As coronavirus infections continue to gather pace across the UK – and the world – the London Film Festival is getting started in an unrecognisable form, to ensure that as many people as possible can enjoy the BFI’s selection – both in cinemas an in the safety of their homes.
The BFI got some early practice in putting on a festival during a pandemic with its Flare event being moved online with only a few days’ notice, at the start of the lockdown and by the early summer, it had finalised its plan to screen fewer films at the LFF – only about 60, compared with its usual total of about 200; most are being screened online only, with some getting socially-distanced cinema screenings in cities across the UK. The event opens with Sir Steve McQueen’s Mangrove, a topical film about racial injustice in the UK, and closes with Francis Lee’s biopic of the paleontologist Mary Anning, Ammonite.
A number of stars, including George Clooney, Tilda Swinton and Riz Ahmed are also taking part in talks, which will be made available online, free of charge, to people across the world.
A slimmed-down annual awards ceremony will hand out prizes to winners chosen by audiences who’ve viewed the films online.
As one of the UK’s biggest annual celebrations of film, the London Film Festival has, in recent years, been trying to reach audiences outside the capital – it premiered Mike Leigh’s Peterloo in Manchester, for example – this year’s event has accelerated that goal and the head of the festival, Tricia Tuttle, says it’ll be hard to go back to an exclusively London-based even after this.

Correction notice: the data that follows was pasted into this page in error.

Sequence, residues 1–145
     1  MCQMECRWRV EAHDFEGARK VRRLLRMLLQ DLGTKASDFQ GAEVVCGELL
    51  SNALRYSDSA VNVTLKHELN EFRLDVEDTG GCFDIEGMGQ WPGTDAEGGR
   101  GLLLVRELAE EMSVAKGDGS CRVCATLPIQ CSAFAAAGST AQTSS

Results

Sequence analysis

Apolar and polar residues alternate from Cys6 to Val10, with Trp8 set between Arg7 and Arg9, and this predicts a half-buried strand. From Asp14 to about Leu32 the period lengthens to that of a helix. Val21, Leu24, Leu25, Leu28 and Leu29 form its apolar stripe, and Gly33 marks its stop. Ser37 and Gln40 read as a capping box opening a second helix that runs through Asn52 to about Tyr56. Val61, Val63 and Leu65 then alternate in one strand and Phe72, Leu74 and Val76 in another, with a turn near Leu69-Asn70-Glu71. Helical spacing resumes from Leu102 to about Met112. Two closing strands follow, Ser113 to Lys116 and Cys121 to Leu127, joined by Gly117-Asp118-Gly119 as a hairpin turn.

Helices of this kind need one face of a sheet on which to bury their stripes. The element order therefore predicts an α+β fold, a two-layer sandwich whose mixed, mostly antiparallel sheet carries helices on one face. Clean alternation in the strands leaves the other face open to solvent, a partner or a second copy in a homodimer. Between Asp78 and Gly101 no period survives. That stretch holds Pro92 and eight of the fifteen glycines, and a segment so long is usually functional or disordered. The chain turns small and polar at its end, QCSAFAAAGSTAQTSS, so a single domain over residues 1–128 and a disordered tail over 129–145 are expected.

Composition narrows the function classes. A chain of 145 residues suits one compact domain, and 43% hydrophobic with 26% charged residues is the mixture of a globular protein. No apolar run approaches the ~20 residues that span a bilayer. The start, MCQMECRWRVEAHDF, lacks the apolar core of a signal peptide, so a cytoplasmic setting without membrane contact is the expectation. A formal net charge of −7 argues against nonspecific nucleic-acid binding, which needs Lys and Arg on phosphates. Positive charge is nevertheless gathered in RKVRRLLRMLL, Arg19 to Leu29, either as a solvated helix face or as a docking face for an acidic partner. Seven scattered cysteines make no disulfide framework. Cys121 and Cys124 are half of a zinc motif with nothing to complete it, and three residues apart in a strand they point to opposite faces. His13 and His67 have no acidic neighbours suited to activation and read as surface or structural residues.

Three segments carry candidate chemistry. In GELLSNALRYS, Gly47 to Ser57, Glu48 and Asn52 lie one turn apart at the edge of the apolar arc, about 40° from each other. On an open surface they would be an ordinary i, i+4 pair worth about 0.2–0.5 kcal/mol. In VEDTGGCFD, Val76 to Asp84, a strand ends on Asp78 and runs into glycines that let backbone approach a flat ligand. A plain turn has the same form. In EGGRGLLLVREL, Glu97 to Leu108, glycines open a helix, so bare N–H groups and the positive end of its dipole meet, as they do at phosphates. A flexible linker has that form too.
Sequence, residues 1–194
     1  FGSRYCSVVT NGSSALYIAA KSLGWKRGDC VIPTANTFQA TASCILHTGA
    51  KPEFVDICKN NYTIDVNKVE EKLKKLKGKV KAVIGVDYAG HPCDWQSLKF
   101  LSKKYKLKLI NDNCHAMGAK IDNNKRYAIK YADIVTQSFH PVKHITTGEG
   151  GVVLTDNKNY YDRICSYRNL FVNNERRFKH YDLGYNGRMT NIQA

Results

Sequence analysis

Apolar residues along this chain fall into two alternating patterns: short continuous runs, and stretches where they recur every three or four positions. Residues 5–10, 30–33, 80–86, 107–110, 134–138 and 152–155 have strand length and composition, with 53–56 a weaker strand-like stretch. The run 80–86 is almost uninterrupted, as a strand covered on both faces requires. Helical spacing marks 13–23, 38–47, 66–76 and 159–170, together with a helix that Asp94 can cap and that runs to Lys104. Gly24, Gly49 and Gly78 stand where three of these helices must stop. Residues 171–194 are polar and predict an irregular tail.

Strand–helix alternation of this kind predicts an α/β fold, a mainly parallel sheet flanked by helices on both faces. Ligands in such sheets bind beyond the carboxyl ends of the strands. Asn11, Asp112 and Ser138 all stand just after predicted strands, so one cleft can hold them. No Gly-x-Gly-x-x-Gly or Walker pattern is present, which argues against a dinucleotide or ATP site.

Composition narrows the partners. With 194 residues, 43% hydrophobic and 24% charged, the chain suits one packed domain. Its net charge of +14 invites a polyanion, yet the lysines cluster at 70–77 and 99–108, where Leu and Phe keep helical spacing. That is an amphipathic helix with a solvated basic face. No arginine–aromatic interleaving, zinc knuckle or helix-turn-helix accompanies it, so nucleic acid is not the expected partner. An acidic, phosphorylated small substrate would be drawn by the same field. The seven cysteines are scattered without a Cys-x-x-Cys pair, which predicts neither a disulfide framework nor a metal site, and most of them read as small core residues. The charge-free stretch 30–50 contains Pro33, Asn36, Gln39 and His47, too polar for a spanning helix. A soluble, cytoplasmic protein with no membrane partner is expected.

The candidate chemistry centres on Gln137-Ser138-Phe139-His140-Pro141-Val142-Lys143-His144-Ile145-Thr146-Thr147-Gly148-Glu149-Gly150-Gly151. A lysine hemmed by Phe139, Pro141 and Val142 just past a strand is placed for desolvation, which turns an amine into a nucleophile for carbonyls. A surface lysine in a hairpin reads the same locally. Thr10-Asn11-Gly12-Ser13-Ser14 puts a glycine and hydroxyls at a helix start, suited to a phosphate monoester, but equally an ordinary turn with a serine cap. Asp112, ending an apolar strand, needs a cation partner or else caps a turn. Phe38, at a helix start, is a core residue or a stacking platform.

With fewer films in the programme but more widely accessible, she told us What’s Worth Seeing this year.
THE DISCIPLE: Chaitanya Tamhane’s second feature examines a lifetime devoted to Indian classical music.
“I don’t want this one to slip under the radar. It’s about a young classical musician who’s impatient to become successful faster than his art-form allows. I highly recommend that – it’s so beautiful.”
SHIRLEY: Josephine Decker’s fictional account of Shirley Jackson, the horror writer, played by Elisabeth Moss.
“Very few film-makers tackle female desire in the way that Josephine does – it’s feral. She has such an exciting lens as a film-maker.“
TIME: Documentary from Garrett Bradley about Fox Richardson’s twenty year fight against her husband’s prison sentence.
“Another really great female-directed work is Time. It’s Garrett Bradley’s first feature length documentary and it won the Grand Jury prize at Sundance. It’s a love-story about a woman who spends twenty years trying to get her husband released from a very harsh prison sentence and while she’s doing it she films herself – and raises their six sons almost single-handedly. It’s so inspiring, so beautiful.”
LIMBO: Ben Sharrock’s story of asylum seekers awaiting the outcome of their applications on a remote Scottish island was part of this year’s official Cannes selection.
“Limbo is a great British feature from second-time film-maker Ben Sharrock. It’s wryly funny but also really touching and moving.”
RELIC: This first feature from the Australian film-maker, Natalie Erika James, is a horror about three generations of women, plagued by a supernatural presence.
“Relic is a great, atmospheric horror film, starring Emily Mortimer, in which dementia almost becomes the monster of the film. It really delivers on scares and a horror atmosphere. I’d really recommend that you look out for that.”